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Geometry and Distribution of Fluvial and Deltaic Sandstones (Pennsylvanian and Permian), North-Central Texas (1)
L. F. Brown, Jr.
Upper Pensylvanian and lower Permian rocks of the Eastern Shelf in North-central Texas are composed of 10 to 15 repetitive sequences including open shelf, deltaic, fluvial, and interdeltaic depositional systems. Sediments derived from the Ouachita Mountains and associated piedmont were transported westward across a narrow coastal plain. Fluvial and deltaic sandstone facies define a southwest paleoslope of about 5 feet per mile. Sandstone facies are delta front sheets, distributary mouth bars, distributary and fluvial channels, and destructional bars.
Sandstones displaying distributary patterns represent distal deposition in the upslope area. Belt sandstones, typified by uncommonly thick fluvial channel deposits, prograded far downslope. Composite patterns include distributary and belt sandstones representing complex progradational history. Rocks display one-half degree northwest regional dip; negative structure residuals outline a broad area within which 70 percent of the deltaic facies were deposited.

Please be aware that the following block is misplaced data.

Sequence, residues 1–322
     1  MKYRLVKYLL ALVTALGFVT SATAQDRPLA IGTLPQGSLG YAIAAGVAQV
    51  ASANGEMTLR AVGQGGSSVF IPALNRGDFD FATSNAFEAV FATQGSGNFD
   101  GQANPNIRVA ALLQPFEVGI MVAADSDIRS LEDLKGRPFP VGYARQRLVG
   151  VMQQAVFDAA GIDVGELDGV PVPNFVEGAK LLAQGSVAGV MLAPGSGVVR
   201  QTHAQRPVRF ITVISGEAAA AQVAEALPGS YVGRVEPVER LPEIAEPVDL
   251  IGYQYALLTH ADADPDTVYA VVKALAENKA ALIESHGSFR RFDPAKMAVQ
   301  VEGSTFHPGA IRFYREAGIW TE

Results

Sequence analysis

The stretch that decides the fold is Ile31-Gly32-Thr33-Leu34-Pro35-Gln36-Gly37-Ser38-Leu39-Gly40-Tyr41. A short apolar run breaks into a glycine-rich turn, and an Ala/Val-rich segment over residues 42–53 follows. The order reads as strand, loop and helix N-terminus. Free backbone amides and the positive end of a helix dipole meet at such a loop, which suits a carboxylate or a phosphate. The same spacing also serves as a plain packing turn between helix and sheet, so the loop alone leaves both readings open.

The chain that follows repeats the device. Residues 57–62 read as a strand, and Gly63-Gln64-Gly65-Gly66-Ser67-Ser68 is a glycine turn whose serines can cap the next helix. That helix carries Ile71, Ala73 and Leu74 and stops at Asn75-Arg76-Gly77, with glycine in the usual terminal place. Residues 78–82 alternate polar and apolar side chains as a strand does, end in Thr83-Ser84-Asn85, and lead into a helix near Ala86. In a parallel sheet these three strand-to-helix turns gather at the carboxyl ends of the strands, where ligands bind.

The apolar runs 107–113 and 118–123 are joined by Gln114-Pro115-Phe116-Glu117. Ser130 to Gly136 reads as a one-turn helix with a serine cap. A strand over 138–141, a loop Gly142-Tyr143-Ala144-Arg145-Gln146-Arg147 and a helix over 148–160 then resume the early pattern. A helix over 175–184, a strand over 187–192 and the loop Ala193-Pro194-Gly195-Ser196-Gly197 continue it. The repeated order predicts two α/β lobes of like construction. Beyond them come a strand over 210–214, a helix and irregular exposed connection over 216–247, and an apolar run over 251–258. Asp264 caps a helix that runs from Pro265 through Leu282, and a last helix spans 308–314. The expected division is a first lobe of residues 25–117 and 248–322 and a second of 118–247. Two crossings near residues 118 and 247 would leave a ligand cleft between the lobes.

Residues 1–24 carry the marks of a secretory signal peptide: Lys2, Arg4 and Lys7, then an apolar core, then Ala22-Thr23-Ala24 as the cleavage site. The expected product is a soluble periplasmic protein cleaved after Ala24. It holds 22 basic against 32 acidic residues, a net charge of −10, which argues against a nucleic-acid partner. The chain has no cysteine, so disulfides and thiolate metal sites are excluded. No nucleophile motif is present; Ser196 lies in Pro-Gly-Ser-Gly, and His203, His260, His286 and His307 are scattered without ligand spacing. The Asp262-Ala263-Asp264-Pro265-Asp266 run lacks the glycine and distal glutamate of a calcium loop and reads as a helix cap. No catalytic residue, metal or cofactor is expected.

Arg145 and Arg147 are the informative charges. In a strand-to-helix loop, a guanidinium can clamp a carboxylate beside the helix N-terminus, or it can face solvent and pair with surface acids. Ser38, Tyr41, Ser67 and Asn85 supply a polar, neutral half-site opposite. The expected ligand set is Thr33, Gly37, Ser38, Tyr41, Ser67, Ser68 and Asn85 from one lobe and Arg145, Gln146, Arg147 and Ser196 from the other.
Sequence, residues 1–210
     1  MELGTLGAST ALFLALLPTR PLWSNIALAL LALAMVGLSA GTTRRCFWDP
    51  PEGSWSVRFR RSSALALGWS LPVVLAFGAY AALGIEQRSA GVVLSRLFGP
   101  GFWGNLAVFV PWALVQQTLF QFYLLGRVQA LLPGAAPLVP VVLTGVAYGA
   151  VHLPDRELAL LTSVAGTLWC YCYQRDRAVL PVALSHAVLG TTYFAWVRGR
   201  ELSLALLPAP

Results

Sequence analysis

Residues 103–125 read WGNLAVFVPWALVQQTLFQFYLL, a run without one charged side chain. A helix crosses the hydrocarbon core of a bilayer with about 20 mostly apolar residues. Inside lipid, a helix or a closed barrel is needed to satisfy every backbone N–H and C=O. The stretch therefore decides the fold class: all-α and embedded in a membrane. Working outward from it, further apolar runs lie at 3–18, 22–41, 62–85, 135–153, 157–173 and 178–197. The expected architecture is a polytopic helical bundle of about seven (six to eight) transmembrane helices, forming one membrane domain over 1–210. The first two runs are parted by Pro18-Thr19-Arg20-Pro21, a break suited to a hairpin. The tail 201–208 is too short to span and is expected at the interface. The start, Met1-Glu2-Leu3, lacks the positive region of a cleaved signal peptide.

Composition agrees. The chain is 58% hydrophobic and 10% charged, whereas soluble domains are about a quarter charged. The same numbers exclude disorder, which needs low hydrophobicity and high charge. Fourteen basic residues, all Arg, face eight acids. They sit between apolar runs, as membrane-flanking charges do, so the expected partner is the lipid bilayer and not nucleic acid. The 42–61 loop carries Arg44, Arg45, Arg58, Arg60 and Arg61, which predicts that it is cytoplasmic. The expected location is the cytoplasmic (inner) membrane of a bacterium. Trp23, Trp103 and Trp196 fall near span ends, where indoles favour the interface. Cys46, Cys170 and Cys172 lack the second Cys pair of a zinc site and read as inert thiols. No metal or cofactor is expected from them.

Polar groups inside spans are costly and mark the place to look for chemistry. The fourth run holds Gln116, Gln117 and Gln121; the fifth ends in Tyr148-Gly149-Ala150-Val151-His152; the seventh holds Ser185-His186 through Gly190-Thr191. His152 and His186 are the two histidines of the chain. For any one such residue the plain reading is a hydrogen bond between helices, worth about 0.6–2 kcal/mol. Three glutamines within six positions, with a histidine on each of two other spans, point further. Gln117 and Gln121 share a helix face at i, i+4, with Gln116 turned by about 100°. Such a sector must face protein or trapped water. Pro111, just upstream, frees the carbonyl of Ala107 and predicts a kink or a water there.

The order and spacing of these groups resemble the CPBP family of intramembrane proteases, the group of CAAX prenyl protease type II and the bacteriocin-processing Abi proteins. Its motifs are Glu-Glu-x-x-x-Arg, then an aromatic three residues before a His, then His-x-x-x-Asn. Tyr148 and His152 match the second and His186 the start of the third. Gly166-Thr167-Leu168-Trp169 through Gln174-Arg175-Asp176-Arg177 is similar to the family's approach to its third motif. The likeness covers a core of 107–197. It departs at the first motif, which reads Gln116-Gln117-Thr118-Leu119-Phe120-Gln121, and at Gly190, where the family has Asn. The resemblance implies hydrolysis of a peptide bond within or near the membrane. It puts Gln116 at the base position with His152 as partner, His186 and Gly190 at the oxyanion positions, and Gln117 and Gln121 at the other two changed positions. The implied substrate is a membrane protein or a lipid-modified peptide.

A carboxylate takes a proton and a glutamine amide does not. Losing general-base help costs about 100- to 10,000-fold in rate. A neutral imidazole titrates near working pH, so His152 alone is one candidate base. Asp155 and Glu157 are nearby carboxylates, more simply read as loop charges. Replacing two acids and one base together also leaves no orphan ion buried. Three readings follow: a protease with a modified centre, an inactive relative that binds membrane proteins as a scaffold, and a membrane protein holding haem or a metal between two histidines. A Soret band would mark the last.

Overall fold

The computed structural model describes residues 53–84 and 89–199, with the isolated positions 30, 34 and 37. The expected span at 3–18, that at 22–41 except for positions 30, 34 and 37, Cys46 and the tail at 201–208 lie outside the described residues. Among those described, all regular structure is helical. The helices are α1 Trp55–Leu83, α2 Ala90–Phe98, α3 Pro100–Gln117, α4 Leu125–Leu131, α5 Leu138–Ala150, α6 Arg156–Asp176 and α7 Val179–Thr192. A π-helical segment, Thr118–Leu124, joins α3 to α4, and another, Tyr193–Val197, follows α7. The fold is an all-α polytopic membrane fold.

Elongate sandstones are generally arranged parallel to paleoslope in vertically offset patterns controlled by differential compaction of fluvial and deltaic sands and interdistributary muds. Multistory sandstone bodies were deposited along narrow, structurally unstable belts which were periodically overloaded and later reoccupied by prograding deltas. Initial Cisco deltas followed a paleosurface grain controlled by underlying bank limestones; this orientation was maintained during deposition of 1,200 feet of Cisco strata. Each fluvial-deltaic system inherited its geometry from previous systems and, in turn, provided control for the next deltaic episode. Stratigraphic and structural mapping utilizing mud decompaction techniques confirms the roles played by compaction and structure in controlling the geometry of sandstone bodies.
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